Fusion was also one of the main areas of study at the Extreme Light Infrastructure for Nuclear Physics (ELI-NP) Center in Mogurile, Romania – which at 10 petawatts holds the title of the world's most powerful laser (MORO). Its director and the University of Michigan facility of the same name said its creation was “equivalent to landing on the moon, where failure is not an option.”
Last year, a Romanian laser operator began partnering with private companies to develop technology that could power the world's first commercial fusion plants. Using the “chirping pulse amplification” technique for which Murrow and Donna Strickland won the 2018 Nobel Prize in Physics, laser pulses will be stretched, reducing their maximum power, before being amplified and compressed again.
“This completely changed the development of lasers,” Clark says, allowing much higher intensities to be achieved at lower power.
Their research on the physical processes of this reaction is expected to be published within three years, before the first commercial fusion plants are built in the 2030s.
Is bigger better?
Physicists are keen to emphasize the collaborative nature of this field, but the size remains a point worth bragging about. According to Chang Hee-nam, director of the Center for Relativistic Laser Science (CoReLS) in South Korea and a professor at the Gwangju Institute of Science and Technology, the center's laser currently “holds the record for the highest laser intensity” in the world, reaching 10^23 watts/cm2 — or intensity As powerful as all the light on Earth is focused to just over a micrometre, or less than one-fifth the diameter of a human hair.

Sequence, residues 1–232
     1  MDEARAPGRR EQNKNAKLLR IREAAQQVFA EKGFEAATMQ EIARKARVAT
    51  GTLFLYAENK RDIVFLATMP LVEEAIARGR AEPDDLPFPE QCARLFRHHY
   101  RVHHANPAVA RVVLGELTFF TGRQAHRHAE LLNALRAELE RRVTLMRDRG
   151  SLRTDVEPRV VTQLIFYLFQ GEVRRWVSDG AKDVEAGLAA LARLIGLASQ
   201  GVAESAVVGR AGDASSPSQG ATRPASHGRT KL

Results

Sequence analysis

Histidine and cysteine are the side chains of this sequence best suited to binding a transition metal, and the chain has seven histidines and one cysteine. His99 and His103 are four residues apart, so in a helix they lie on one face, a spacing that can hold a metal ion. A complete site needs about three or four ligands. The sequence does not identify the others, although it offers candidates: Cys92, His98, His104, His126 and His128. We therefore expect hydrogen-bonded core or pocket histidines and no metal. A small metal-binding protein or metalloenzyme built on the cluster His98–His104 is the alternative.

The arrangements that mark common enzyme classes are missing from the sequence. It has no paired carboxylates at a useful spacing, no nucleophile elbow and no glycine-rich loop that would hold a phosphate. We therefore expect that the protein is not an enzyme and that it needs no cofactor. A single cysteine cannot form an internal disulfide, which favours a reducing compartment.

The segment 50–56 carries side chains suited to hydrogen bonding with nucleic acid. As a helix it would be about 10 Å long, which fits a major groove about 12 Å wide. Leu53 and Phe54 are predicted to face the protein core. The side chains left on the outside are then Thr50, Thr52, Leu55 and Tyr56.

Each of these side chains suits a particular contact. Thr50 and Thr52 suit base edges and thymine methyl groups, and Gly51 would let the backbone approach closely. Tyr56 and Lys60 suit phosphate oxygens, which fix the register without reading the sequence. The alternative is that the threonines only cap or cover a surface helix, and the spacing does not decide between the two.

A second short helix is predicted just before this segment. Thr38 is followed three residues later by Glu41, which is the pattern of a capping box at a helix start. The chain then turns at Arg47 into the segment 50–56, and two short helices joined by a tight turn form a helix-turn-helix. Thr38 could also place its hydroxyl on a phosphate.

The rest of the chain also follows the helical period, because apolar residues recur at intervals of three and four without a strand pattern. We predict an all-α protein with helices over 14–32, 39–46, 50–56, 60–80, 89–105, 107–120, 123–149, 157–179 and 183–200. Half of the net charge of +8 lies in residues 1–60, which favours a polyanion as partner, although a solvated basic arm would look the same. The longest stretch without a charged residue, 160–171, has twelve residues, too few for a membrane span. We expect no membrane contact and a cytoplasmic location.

South Korean scientists are using this technology to explore, among other things, proton therapy, a cancer treatment that targets positively charged rays in patients' tumors.
Research that could lead to new medical applications, as well as testing centuries-old ideas about the state of the universe, has been well explored on the four-petawatt CoReLS machine – but the team isn't stopping there. “We are now seeking a higher petawatt laser, and are preparing some proposals for a 25-petawatt laser,” Nam says. If it is ordered within the next six years, as he hopes, it will outperform the Vulcan 20-20 that has not yet been built.
However, Vulcan's Clark says power and density aren't everything. The most important metric now is, “What can you do with it? What science are you pursuing? What are you going to get out of it?”
He says that these lasers, and the researchers who work on them, care about one thing above all else. “It's about building it right and using it right.”